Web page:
Sure, its only natural to want to put our best foot forward, realizing though that it is an ideal, not reality, that we are more perfect than imperfect. That is God’s job, to bring us to perfection, not ours. The only perfect person to walk the Earth is Jesus. The only choice we have in this life to love, is to love flawed people.
So well said RonL. I love that quote too, and I love how you personalize it. ‘Judging your insides with someone else’s outsides’… How true that is! I did this not only in the IC but also in the homeschool community. How exhausting and burdensome it can be! My children don’t actually have to look perfect to make me look perfect. What a relief!
Unfortunately most Christian groups don’t know how to incubate deep and abiding relationships. More often than not the program gets in the way of friendship.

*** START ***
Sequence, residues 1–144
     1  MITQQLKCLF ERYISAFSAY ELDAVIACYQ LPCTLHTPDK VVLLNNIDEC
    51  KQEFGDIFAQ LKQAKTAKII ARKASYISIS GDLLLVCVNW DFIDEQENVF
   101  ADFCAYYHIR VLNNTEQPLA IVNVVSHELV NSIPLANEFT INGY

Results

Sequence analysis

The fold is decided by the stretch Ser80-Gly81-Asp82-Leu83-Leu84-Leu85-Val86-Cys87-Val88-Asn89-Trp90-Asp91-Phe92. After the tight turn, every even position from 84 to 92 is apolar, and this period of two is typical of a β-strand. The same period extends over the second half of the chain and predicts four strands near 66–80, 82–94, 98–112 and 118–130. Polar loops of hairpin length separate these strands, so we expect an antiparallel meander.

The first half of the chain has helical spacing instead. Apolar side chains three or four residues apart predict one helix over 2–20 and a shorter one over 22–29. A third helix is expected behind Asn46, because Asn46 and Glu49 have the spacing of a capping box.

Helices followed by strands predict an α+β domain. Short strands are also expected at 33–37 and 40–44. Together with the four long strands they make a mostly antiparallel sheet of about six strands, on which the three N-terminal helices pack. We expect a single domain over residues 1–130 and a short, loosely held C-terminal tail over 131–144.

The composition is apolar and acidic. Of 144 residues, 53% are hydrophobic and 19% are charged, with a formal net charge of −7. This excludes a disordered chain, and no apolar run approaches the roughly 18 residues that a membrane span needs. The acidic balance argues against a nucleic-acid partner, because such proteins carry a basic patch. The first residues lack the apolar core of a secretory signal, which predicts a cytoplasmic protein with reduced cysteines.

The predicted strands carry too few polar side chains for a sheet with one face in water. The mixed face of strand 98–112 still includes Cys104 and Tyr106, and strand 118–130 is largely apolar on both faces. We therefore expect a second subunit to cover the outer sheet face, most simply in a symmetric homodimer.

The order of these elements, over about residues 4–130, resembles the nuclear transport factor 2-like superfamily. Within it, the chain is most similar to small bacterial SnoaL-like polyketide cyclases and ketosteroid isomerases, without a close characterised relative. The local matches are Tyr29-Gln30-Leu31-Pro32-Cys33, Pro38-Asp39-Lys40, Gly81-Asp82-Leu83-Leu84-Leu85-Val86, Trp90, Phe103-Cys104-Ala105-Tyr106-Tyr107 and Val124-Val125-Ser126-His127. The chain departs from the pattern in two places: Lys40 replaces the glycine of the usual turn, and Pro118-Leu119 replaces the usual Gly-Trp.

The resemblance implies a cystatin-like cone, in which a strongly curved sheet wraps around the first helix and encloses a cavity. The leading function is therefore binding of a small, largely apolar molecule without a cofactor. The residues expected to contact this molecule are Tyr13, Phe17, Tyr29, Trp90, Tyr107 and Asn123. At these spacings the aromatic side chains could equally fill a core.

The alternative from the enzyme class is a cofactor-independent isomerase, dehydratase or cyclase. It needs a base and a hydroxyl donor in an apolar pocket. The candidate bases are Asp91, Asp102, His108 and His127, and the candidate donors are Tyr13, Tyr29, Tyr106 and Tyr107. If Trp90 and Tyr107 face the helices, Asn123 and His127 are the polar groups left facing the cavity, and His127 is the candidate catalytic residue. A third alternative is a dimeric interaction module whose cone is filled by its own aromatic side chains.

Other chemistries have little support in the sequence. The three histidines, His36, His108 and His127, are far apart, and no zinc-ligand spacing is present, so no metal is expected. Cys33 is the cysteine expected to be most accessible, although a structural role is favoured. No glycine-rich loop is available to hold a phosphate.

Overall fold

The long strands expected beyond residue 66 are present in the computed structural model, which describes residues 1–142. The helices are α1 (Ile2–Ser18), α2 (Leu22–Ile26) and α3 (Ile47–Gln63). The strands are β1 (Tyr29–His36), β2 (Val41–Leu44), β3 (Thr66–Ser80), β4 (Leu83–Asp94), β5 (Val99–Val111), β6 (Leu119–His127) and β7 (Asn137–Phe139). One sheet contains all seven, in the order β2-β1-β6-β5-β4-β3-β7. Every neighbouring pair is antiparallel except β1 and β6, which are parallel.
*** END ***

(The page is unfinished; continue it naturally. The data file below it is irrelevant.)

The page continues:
When I read these few lines had a speedy reminder of a really good friend I knew in the IC. He was a few years younger than I and was somewhat involved with what they called service for the church. He also played guitar and was on stage most Sunday mornings in the worship team. We used to often get together for great fellowship, chats and just good old brotherly friendship. The times I remember with such fondness where the times when there was a group of us together in a lounge in one of our homes following a good meal normally. This went on for about a year or so, suddenly I noticed a drawing back from him having the time to enjoy some of that friendship. Within a few weeks it was all but non existent. I knew what was happening, he had been told by what was called his “cell group leader” that he needed to start his own “cell group” and there was even a time frame on this.
The sadder side was that you were not considered a leader of men in this church if you didn’t have this “cell group”. You had not passed the School of Leaders which was a series of three ten week training courses that supposedly set you up for this leadership task.